Investigation of the causes of mass fish kills


They were the grim scenes that shocked Australia
and made headlines around the world. Millions of fish found dead in western
New South Wales. “To me, it was like the coral bleaching moment for the inland. It was an incredible wake-up call.” There were three separate fish kills that took place in rapid succession. The first happened on December 15 last year along a 30-kilometre stretch of the Darling River, near the town of Menindee. Then on January 6 this year, a larger fish kill was reported along the same stretch of river. That was soon followed by a third event on January 28, again impacting hundreds of thousands of fish including substantial numbers of threatened species: the silver perch and the Murray cod. “You can’t hide. You can’t deny it. This is a disaster. It’s a natural disaster. It’s a national disaster.” The Australian Academy of Science was asked to investigate the cause of that disaster. Panel chair, Professor Craig Moritz, and panel member, Professor Sue Jackson, travelled to Menindee to hear from locals. While there on February 1, they saw for themselves, large Murray cod in dire condition. “Very moving and affecting to actually be there, watching these huge cod, trying to do anything they could to get out of this pool. It was terribly upsetting.” The expert panel determined the immediate cause of the fish kills was insufficient oxygen. Here’s how it unfolded. A layer of warm water had formed over deep, colder water. The upper layer was more oxygenated, largely because of oxygen-producing blue-green algae. Algae flourish in warm and still conditions, particularly when the river isn’t flowing. But as algae die, they sink to the bottom, feeding microorganisms that use up dissolved oxygen. When a cool change hit the region, it mixed the smaller top layer with the larger, lower body of water. As that happened, the crucial oxygen from the top warm layer became diluted and was quickly used up. Not enough was left for the fish. Large temperature fluctuations coincided with all three fish kills. But while that was the immediate cause, it doesn’t get to the root of the problem. “The recent fish kills are certainly related to water management issues.” The panel found there isn’t enough water in the Darling system to avoid catastrophic outcomes. This is partly due to the ongoing drought. However, decades of rainfall and river flow data point to excess water extraction upstream. That’s a finding welcomed by local Indigenous elders, who have long argued that the system is being mismanaged. “We’re stuck in Menindee with the fish dying. The kids are getting sores all over them. And we’ve got no water, just about. So, where’s the water sharing plan? It’s not worth the paper it’s written on because they’re not listening to local people.” The expert panel recommends that urgent steps be taken within six months to improve the quality of water throughout the Darling River. That should include the formation of a Menindee Lakes restoration project to determine sustainable management of the lakes system and lower Darling and Darling Anabranch. It also involves improving meaningful engagement with river-based communities, including Indigenous peoples. Beyond that, the panel recommends a return to the intent of the 2012 Murray Darling Basin Plan to improve environmental outcomes. “So the best possible scenario is water in the Darling all the way to the bottom.”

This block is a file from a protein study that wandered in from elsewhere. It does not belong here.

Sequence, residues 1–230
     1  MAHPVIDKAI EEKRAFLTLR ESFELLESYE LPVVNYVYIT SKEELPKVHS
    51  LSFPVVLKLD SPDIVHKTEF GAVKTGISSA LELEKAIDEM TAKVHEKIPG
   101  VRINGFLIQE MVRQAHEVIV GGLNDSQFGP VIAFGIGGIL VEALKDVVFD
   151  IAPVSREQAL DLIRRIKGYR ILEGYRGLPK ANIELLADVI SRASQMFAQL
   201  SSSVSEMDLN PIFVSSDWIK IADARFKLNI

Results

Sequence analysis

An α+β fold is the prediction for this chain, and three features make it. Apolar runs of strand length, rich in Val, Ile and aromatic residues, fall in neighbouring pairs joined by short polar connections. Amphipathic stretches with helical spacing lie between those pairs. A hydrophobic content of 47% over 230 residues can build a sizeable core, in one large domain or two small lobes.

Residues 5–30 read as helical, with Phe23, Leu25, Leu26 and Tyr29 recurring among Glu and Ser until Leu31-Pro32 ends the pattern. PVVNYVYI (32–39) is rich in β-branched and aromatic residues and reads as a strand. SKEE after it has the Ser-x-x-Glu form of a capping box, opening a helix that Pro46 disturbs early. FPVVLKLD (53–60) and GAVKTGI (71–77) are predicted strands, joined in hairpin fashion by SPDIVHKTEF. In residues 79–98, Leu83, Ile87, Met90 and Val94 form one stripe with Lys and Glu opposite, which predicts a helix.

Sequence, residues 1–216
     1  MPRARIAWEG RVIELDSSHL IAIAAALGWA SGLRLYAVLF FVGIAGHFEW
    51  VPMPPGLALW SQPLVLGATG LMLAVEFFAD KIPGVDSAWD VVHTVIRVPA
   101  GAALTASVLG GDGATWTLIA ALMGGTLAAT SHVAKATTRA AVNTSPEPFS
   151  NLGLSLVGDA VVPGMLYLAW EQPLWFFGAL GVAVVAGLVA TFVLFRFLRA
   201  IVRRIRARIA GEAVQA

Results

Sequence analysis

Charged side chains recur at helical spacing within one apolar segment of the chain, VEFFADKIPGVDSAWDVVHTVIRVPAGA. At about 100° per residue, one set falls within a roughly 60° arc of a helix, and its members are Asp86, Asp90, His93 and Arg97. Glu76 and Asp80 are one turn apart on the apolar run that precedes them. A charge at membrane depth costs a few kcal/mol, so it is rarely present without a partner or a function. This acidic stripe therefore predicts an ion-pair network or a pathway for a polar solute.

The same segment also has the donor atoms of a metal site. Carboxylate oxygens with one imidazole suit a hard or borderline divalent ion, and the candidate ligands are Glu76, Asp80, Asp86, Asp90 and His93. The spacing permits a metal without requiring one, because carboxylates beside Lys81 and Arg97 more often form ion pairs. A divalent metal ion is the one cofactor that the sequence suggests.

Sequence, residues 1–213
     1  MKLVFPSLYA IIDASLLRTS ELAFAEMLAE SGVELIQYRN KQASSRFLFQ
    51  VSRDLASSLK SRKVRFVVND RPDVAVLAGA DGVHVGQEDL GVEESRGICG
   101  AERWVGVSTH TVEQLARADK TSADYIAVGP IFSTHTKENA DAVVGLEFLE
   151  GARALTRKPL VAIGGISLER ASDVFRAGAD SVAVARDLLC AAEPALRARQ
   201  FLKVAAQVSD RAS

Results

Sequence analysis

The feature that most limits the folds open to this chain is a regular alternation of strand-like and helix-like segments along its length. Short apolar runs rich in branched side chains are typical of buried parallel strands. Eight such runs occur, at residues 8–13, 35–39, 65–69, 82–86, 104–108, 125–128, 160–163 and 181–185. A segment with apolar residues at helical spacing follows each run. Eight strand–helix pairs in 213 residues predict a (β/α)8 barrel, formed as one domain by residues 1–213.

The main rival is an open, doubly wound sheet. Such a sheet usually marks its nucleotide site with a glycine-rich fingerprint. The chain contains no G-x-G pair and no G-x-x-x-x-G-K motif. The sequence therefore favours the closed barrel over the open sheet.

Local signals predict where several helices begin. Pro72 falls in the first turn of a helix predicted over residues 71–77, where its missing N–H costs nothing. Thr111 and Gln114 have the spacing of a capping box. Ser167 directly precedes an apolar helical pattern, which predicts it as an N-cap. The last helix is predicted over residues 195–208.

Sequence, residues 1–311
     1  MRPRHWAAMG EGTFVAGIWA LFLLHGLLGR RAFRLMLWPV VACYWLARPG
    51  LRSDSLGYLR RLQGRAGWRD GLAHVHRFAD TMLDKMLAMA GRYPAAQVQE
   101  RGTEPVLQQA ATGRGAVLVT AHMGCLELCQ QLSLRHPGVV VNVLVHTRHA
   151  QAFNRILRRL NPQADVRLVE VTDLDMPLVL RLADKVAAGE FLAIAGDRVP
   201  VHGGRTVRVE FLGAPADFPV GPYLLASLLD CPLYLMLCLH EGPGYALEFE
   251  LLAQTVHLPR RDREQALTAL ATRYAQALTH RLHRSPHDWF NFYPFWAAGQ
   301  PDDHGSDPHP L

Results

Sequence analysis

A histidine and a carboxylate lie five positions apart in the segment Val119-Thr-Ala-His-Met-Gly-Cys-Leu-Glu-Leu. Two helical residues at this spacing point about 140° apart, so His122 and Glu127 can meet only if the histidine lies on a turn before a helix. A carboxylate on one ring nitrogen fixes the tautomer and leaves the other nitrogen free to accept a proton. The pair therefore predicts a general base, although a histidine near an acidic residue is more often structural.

local_offerevent_note October 2, 2019

account_box Gilbert Heid

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